Seven Bay Area counties announced Monday that residents will be required to wear masks in nearly all indoor settings, marking the first major step in reversing a statewide rollback of public health restrictions in June.
The mask mandate, which begins on Tuesday, Aug. 3, comes as COVID-19 cases spike across the Bay Area, with some of the highest case rates since February of this year. Public health officials said at a Monday, Aug. 2, press conference that the delta variant of the virus is far more contagious and now accounts for the vast majority of new cases in the region, requiring protective measures to keep infection rates and COVID-19 hospitalizations under control.
"The delta variant is now the dominant variant in our area," said George Han, Santa Clara County's deputy public health officer. "And because it's more contagious, we need more protection, and that comes in the form of masks as the easiest and best tools that we have."
All of the county public health orders are nearly identical, requiring vaccinated and unvaccinated residents alike to wear face coverings when indoors with people who aren't part of their households. In Santa Clara County, the regulations include a short list of exceptions including work in closed rooms or offices; indoor dining while patrons are actively eating or drinking; and swimming and showering at the gym. Residents are strongly discouraged from dining indoors and are asked to mask up in crowded outdoor areas.
The mandate will be simultaneously rolled out in the counties of Santa Clara, San Mateo, San Francisco, Alameda, Marin, Contra Costa and Sonoma. These public health orders do not have a sunset date, and come just days after the California Department of Public Health recommended universal masking in public indoor settings statewide.
In Santa Clara County, there is now an average of 202 new cases per day over the last week, the highest rates since late February, according to county data. That's almost 10 times higher than the low point in June, despite a countywide vaccination rate of 78% among residents age 12 and older. San Mateo County saw a similar large spike to 87 cases per day during the week of July 15.
Sonoma County Health Officer Sundari Mase said the COVID-19 vaccine remains one of the strongest protections against the virus, and that the infection rate among the unvaccinated is six times higher than those who are vaccinated -- a stark difference, given that unvaccinated residents make up just a small minority of the county population. But she said the vaccine alone is not enough to combat the delta variant, which is much more widespread and aggressive opponent.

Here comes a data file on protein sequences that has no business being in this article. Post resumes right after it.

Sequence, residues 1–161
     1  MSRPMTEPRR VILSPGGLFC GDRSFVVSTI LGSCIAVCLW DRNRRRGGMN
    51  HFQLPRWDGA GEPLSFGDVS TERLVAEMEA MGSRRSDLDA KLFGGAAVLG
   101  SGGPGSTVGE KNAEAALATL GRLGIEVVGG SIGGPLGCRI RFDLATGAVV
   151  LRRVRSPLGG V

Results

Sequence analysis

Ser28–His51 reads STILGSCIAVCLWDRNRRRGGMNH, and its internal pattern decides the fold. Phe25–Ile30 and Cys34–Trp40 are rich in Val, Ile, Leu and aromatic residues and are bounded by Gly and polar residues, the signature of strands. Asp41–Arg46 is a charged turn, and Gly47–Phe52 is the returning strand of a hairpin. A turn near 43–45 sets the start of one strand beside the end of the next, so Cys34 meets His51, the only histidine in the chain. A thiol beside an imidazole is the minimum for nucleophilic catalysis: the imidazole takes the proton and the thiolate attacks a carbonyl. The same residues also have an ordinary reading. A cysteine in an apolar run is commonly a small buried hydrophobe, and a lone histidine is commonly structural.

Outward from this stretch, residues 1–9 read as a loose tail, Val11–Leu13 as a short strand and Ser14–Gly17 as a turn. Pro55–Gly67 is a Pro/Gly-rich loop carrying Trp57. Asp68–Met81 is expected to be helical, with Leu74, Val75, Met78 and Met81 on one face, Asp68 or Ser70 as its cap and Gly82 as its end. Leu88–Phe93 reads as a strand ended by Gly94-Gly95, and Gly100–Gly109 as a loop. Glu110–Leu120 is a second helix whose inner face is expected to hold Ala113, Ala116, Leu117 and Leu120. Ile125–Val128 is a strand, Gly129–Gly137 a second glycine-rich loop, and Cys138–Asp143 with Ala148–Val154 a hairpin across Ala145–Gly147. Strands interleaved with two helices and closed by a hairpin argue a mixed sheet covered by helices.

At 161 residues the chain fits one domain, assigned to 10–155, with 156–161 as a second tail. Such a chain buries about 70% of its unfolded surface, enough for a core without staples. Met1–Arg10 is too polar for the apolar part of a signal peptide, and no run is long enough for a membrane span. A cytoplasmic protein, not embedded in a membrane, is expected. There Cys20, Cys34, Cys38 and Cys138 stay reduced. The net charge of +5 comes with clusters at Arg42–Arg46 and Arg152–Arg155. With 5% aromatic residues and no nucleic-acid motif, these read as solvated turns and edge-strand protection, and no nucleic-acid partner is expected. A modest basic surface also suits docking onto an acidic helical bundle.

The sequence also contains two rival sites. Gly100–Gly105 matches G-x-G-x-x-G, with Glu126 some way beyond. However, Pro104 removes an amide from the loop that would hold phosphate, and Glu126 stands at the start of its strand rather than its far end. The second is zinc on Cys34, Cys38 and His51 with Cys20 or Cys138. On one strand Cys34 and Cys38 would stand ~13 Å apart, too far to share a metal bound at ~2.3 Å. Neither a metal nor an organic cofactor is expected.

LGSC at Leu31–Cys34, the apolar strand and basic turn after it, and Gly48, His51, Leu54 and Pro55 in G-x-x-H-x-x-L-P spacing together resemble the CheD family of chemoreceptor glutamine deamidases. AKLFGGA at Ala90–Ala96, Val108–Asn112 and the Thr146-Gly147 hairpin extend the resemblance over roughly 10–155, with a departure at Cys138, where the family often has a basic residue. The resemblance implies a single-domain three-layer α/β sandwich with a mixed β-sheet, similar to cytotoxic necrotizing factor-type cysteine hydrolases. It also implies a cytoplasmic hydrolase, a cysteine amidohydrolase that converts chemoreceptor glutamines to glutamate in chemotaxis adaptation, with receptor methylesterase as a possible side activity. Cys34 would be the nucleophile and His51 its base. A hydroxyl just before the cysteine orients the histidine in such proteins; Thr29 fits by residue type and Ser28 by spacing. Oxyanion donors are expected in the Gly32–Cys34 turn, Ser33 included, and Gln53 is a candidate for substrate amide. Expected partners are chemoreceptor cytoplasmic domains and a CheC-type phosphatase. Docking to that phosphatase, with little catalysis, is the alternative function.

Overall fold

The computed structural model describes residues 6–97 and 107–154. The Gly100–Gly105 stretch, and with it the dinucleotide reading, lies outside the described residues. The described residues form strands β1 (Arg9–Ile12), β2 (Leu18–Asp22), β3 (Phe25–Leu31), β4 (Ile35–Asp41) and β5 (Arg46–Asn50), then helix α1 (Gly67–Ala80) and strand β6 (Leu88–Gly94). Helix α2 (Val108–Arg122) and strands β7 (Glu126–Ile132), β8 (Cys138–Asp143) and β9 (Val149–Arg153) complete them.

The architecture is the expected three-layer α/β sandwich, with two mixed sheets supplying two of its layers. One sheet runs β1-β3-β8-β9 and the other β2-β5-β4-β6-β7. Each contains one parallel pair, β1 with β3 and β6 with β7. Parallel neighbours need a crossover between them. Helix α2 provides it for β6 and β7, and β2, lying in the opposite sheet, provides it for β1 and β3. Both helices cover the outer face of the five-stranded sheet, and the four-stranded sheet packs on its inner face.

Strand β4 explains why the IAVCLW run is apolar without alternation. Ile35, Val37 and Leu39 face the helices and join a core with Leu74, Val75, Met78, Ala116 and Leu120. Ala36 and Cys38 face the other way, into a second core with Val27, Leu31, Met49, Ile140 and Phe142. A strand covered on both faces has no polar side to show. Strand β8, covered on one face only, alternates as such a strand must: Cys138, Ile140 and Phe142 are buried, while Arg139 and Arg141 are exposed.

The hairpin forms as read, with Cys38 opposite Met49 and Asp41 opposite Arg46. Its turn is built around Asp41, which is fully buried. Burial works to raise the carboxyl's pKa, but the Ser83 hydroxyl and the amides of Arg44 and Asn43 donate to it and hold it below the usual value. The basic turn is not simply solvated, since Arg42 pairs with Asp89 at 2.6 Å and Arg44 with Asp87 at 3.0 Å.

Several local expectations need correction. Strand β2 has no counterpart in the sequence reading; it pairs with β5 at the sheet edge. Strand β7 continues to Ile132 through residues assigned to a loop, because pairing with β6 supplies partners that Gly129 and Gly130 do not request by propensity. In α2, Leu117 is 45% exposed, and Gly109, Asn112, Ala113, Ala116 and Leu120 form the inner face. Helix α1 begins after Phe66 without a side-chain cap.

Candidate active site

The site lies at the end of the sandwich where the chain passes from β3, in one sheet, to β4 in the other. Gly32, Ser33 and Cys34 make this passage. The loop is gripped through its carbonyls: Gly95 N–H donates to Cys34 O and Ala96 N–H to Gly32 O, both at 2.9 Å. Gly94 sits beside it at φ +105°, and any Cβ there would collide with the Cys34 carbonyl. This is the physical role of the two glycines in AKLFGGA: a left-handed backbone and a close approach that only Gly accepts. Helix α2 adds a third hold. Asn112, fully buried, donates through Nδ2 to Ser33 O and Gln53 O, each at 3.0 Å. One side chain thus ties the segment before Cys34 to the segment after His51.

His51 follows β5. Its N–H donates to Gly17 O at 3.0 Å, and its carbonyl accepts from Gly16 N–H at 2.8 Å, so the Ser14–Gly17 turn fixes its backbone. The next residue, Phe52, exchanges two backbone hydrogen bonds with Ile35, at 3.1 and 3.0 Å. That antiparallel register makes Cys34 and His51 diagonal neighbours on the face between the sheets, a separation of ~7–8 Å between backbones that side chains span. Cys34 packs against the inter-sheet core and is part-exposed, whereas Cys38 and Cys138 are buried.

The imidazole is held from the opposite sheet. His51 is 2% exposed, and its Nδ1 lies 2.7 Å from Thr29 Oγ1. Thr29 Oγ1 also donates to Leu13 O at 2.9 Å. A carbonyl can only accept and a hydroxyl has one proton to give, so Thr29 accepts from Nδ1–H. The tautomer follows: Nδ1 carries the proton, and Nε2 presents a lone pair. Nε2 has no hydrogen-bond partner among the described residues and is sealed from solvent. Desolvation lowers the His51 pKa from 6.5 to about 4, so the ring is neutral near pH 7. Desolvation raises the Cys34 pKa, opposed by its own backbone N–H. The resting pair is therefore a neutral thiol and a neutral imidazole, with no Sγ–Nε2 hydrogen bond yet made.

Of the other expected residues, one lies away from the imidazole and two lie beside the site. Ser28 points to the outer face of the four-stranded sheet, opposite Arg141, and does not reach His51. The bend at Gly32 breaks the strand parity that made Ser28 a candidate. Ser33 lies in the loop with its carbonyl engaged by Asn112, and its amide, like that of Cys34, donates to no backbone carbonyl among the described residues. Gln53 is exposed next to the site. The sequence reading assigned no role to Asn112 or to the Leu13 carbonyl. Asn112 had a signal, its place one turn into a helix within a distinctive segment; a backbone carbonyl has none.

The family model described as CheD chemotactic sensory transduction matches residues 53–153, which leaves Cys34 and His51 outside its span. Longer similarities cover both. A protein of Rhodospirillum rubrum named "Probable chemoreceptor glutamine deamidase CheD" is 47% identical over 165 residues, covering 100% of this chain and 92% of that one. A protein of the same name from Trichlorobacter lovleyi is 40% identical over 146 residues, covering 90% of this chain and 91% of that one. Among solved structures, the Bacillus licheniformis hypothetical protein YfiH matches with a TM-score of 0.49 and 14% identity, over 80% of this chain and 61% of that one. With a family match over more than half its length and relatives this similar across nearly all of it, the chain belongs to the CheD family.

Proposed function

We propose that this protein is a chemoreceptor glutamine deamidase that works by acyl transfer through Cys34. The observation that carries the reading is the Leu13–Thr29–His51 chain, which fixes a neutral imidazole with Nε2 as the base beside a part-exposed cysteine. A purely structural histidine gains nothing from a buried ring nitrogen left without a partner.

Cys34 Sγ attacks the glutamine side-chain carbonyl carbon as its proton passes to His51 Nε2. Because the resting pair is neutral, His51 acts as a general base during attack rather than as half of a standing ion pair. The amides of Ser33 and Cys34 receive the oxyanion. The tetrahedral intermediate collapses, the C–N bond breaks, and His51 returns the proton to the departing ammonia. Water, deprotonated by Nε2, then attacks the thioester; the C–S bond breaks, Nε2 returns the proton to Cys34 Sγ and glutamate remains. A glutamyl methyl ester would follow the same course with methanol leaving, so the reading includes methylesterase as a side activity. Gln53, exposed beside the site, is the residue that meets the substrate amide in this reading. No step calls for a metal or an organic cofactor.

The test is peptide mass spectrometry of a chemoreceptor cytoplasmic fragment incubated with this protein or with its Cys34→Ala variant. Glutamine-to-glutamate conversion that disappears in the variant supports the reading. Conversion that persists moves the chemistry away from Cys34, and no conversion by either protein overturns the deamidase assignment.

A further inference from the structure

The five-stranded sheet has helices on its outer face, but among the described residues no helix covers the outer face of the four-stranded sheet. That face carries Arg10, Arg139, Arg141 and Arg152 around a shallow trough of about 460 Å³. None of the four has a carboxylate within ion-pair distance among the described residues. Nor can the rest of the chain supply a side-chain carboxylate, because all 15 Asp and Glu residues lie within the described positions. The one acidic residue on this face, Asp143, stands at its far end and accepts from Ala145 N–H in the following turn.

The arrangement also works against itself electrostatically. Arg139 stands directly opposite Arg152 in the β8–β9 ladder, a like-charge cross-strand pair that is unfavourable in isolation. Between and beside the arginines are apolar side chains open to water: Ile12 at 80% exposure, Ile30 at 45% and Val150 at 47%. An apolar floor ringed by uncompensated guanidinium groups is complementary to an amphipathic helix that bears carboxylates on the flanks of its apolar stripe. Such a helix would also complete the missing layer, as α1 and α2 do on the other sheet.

The California Department of Public Health reported that the delta variant accounts for 84.4% of COVID cases this month, a rapid increase from just 53.1% in June and 5.9% in May. In Sonoma, it accounts for 95% of all new cases.
"It's not the same virus that we were combating last year, or even a few months ago," Mase said.
Fully vaccinated residents are included in the mask mandate because they, too, can get infected with so-called breakthrough cases, and Los Angeles County health officials reported last week that 20% of all new cases were among those who were vaccinated. Though people who are vaccinated are far less likely to suffer severe illness or end up in the hospital, they may spread the virus in public settings like grocery stores and restaurants.
In a statement following the press conference, Scott Morrow, San Mateo County's health officer, described the mask mandate as a less disruptive public health requirement that can reduce community transmission while still allowing higher-risk activities to take place.
"As San Mateo County joins its neighbors in issuing these orders, the goal is to avoid disrupting businesses and residents' everyday activities," Morrow said. "We want our communities to stay open while being as safe as possible."
Like past mask mandates, Han said he recommends people wear a surgical or medical-grade mask and, barring that, a well-fitted cloth mask. Enforcement will largely fall to individual businesses, many of whom made face coverings optional for vaccinated individuals less than two months ago.
Though the new public health orders are even-handed with residents regardless of COVID-19 vaccination status, public health officers were emphatic in encouraging people to get vaccinated. Broad nationwide trends show that 97% of people ending up in the hospital with severe symptoms are unvaccinated, and local hospital admissions for people with COVID are surging. In Contra Costa County, the number of hospitalized COVID-19 patients doubled in just the past 10 days, and are up 400% in the month of July.
In Sonoma, 100% of the ICU patients with COVID were unvaccinated and could have protected themselves from the virus.
"This is really tragic given the widespread availability of vaccines in the area," Mase said. "It's needed now more than ever."